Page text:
The “stone tape theory” is frequently used as a sciencey-sounding quasi-explanation to explain hauntings. Amateur paranormal investigators use the idea to account for appearances of images, sounds, and apparitions that do not interact directly with people. Instead, they play out like a movie or recording. This is most commonly termed “residual haunting” to suggest something was left behind in the past to account for the current effects perceived.
The premise of the stone tape concept is that crystalline rock (bedrock or building stone) captured emotional “energy” from a traumatic event. The preferred rock type is said to be quartz but limestone is mentioned nearly as frequently. The sound and visual representations of an event are “recorded” into the fabric of the rock media in a process analogous to a magnetic tape recording of data. At a much later date, a person sensitive to this “energy” can receive the “playback” or, the playback can be initiated by certain conditions. The recording/playback sequence has long been used as an explanation for apparition sightings and haunting. Thus, the stone tape idea is the ultimate example of “spooky geology”.
A “theory” in science is not a guess or a supposition. A theory is a well-tested model of the way something in nature works. Therefore, the “stone tape theory” (STT) isn’t a theory at all in a scientific sense, it’s speculation. Basic questions about the premise include:
How do things get recorded?
What gets recorded and what doesn’t?
How to preserve it?
How to play it back?
The mechanisms proposed for the environmental recording/playback loop include invisible energy fields, molecular architecture of crystalline quartz, energy fields from dead organisms that make up limestone, resonant frequencies, encoded of iron oxide crystals, inductive electromagnetism, and quantum entanglement.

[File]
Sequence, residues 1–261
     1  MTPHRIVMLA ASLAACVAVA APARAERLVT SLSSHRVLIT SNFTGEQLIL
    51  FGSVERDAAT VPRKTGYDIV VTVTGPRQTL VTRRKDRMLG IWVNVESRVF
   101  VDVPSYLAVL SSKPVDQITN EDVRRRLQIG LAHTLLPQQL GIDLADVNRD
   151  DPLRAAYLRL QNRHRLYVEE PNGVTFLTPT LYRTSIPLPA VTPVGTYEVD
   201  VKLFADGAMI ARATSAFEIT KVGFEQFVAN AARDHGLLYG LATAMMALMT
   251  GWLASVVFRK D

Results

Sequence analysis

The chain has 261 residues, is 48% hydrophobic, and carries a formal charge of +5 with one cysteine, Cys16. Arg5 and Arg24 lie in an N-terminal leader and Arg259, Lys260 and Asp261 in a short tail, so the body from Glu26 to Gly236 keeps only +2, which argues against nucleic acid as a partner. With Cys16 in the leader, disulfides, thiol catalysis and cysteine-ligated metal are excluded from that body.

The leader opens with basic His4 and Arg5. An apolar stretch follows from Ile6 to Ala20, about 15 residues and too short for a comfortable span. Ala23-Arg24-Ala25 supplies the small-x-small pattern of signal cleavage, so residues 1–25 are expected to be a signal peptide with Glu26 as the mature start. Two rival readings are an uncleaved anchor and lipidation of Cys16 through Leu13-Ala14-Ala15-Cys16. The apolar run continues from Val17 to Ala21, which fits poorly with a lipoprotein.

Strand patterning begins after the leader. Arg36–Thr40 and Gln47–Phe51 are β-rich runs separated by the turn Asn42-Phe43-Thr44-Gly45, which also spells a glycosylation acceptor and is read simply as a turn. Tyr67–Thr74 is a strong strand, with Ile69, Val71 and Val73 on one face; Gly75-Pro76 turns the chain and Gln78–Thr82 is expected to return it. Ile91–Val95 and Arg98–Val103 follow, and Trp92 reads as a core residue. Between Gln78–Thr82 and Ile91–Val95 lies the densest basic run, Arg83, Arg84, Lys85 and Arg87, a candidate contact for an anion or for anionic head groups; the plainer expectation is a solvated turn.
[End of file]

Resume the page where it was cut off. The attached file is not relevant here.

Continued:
Modern paranormal media accounts state the STT originated in the 1970s. The STT *name* did, but not the concept which goes back almost a century before. Ideas of events or information imprinting on the environment for later retrieval has a long history. In fact, the concept that apparitions were created in or by the human mind was part of very early scientific thinking about the subject.
The official label of “Stone Tape” derived from the title of a 1972 BBC drama by Nigel Kneale. In the movie “The Stone Tape”, a team from an electronics company move into an old house to work on a new project. Renovations reveal a medieval stone stairway that is the focus of strange phenomena in the room. One character, Jill, can hear the screams and see the apparition of a young woman who apparently had fallen to her death here in the past. The company’s physical equipment can not record it as it is perceived only in the brains of those “sensitive” enough. The success of the movie popularized the idea that stone blocks can store sounds and images that possibly could be the mechanism for hauntings.